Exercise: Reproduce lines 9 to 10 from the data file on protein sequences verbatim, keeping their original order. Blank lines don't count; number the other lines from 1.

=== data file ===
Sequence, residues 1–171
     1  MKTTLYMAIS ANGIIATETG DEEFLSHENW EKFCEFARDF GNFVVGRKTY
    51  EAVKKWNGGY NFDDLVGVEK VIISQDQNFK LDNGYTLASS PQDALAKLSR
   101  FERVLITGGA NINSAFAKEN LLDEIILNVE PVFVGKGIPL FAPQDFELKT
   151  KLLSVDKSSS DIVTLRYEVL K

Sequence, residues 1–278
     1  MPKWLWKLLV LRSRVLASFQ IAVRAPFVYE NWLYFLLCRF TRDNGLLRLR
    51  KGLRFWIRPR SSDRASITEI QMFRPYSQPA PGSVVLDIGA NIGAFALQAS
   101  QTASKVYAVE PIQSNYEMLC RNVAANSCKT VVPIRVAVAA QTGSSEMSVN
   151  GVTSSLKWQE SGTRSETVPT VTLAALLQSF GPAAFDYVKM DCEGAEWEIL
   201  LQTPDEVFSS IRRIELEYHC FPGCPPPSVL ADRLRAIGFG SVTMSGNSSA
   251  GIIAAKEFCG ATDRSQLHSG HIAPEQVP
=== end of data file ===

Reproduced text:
   101  QTASKVYAVE PIQSNYEMLC RNVAANSCKT VVPIRVAVAA QTGSSEMSVN
   151  GVTSSLKWQE SGTRSETVPT VTLAALLQSF GPAAFDYVKM DCEGAEWEIL